Beauceron3 years ago
Not bad for plywood!
Should use CDX Plywood rated for exterior use.
CDX is "rated" exterior, but that is only as it applies if it gets incidentally wet during construction. In other words, after and certain number of wet/dry cycles, it falls apart, so you better finish your house before that point.

ADX, BDX, CDX, wafer board - they all fall apart the same way.
Brown6041 (author)  Beauceron3 years ago
thanks a bunch, just had to see beyond the plain ole plywood and see what was there. by the way everyone feel free to vote in the make it stick 2
andygreene3 years ago
Cool design and execution. A variation might be to cut half of the strips for the top 3.5" shorter, and half for the legs 1.75 " shorter, then assemble them layering it from the edge. your joint would look like fingers interlaced....

you might need a jig to keep the angles at 90...
don't need to cut them, just stack every other on out the width of the strips.
You'd also need more clamps, since you'd want to laminate the legs and the top together at the same time. Trying to assemble the finger joint after the glue has cured on the three separate pieces would be difficult and likely to chip the plywood.
Brown6041 (author)  jbrecken3 years ago
i may give this a shot with some left over pieces i have to see how it looks/works
Brown6041 (author)  andygreene3 years ago
that is very weird because i was literally just thinking about that crazy.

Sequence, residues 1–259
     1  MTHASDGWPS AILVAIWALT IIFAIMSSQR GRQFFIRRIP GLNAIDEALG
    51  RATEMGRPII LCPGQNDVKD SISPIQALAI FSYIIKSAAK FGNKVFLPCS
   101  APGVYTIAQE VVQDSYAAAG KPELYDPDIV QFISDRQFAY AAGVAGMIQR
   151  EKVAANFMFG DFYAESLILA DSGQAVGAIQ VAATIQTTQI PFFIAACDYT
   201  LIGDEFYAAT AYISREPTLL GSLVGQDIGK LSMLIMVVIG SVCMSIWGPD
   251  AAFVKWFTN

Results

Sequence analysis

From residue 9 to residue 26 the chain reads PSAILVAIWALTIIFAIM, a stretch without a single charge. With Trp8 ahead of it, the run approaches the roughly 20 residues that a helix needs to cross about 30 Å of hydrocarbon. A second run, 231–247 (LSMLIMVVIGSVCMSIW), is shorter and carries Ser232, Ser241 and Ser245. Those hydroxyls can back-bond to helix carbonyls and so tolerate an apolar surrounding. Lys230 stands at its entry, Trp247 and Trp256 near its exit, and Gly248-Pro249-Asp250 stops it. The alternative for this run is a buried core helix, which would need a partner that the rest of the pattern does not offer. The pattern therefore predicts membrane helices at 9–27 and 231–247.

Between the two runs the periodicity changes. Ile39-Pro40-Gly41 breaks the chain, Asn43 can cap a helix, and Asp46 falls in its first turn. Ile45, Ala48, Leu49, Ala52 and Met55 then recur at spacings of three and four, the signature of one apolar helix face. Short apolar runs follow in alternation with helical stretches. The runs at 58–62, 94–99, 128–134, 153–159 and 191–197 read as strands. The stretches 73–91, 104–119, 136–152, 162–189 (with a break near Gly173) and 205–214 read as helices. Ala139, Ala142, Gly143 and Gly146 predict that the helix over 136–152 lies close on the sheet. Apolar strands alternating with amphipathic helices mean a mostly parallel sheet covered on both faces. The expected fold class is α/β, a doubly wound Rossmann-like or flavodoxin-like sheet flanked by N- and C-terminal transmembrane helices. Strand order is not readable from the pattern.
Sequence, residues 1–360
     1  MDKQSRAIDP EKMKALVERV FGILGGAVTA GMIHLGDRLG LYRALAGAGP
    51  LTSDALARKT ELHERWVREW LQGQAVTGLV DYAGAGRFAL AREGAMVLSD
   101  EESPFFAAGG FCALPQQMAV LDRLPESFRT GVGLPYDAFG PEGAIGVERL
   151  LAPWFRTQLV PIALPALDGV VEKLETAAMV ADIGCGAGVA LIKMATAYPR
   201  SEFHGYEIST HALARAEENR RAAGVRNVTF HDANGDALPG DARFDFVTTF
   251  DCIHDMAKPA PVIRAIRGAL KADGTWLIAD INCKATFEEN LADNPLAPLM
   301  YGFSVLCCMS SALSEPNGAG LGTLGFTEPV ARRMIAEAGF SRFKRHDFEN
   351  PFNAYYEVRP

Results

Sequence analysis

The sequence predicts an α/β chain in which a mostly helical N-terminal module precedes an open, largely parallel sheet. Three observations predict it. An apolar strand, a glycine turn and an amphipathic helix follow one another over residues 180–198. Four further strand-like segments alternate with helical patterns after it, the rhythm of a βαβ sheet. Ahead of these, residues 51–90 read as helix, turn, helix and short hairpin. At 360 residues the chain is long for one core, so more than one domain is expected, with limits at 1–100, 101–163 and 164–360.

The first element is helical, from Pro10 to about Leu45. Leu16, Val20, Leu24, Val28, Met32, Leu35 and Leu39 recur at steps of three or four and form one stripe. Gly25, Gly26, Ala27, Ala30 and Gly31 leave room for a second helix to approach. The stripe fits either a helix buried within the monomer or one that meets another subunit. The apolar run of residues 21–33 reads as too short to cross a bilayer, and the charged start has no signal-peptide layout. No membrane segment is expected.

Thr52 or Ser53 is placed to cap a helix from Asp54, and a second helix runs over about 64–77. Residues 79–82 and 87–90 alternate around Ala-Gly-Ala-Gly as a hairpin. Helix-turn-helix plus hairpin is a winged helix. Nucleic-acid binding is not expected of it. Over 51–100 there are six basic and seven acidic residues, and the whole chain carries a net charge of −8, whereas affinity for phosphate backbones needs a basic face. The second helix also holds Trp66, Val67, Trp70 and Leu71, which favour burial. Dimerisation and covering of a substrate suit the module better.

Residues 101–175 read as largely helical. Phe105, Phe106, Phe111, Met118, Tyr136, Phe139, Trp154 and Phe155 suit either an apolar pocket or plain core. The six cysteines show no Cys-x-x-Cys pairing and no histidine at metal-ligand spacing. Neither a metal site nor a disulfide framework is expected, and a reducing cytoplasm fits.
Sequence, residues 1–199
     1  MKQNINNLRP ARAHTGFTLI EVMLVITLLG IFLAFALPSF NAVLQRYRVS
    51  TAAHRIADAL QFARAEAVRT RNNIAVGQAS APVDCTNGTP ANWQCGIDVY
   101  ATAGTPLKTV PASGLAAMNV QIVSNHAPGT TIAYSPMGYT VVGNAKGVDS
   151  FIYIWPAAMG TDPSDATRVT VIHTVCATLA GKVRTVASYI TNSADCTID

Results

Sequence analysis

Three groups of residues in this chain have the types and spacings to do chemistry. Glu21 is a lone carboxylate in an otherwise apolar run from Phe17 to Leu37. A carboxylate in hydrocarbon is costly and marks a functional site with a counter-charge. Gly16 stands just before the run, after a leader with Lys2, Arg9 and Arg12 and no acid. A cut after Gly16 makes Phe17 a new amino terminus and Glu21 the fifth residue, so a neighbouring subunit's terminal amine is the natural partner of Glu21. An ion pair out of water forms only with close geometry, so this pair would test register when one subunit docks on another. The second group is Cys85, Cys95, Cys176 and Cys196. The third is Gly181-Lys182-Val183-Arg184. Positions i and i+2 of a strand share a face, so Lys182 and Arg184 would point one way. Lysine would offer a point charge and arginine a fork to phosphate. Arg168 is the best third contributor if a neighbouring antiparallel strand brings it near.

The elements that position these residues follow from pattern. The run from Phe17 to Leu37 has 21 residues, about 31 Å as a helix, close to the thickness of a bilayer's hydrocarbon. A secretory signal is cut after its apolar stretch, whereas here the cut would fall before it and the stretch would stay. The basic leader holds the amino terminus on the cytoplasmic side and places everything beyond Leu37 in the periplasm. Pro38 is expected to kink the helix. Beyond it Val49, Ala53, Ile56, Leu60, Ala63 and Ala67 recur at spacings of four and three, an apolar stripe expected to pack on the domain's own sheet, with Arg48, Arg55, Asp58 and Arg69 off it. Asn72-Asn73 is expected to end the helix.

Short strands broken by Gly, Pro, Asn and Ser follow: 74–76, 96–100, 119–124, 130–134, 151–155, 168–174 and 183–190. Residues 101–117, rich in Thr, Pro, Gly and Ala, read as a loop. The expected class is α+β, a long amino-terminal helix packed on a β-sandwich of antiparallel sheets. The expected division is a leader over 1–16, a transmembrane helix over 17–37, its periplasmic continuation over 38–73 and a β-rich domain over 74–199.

Questor3 years ago
if you stack the strips so that every other one sticks out the with of the strips then glue them you could make a finger joint where the legs meet the bench.
mahvin3 years ago
Just make a centering jig from a thin sheet of masonite cut the same size as your vertical end, lay it on the top bench edges and mark your drill points.
Nice project and good illustrations.

You fail to mention how you line the legs with the top so the dowels will fit correctly. Since the legs are the same width as the top, there is no room for error. How did you do it?
Brown6041 (author)  technofossil3 years ago
you just have to make sure you measure twice or three times and give yourself a good layout. like they say preparation is 90% of the battle
mikeasaurus3 years ago
Looks great, I love the texture of the stacked wood grain and the finish really makes it pop!
papalindsey3 years ago
I think this thing is absolutely awesome! Great job.
This looks good and turned out better than I would expect with that saw. Congratulations. You could make it a bit stronger by cutting your lengths first, cutting half the full length and half shorter by the width of each ply. When you alternated the glue-up, you could have a finger-joint (simplified dovetail) which could be glued and pinned through the ends.
A bit more work, but a great improvement. It would be stronger and eliminate the need of dowels, along with making it slightly more elegant.
Brown6041 (author) 3 years ago
i want to thank everyone who has looked at my project and for all those you will come in the future. Also thanks a bunch for all the great ideas to make it better, will try these out in the future. If everyone could make sure you VOTE for the make it stick 2 contest. Thanks again
jeffeb33 years ago
You definitely made the right decision sealing this. Generic plywood expands when it gets wet. The glue will help, but I bet a single rain storm, or a spilled soda on an unfinished bench would ruin it.
Brown6041 (author)  jeffeb33 years ago
i totally agree. Thats why i sealed it. The one at my parents stays outside and hasn't changed in over a year.
l8nite3 years ago
great table and a very well done "ible" thank you for sharing
JackME3 years ago
A very good 'ible, looks like a very good project! Now i only need a garden i have an excuse to build one! ha
Brown6041 (author) 3 years ago
built one for my parents and they keep there's outside looks great in nature.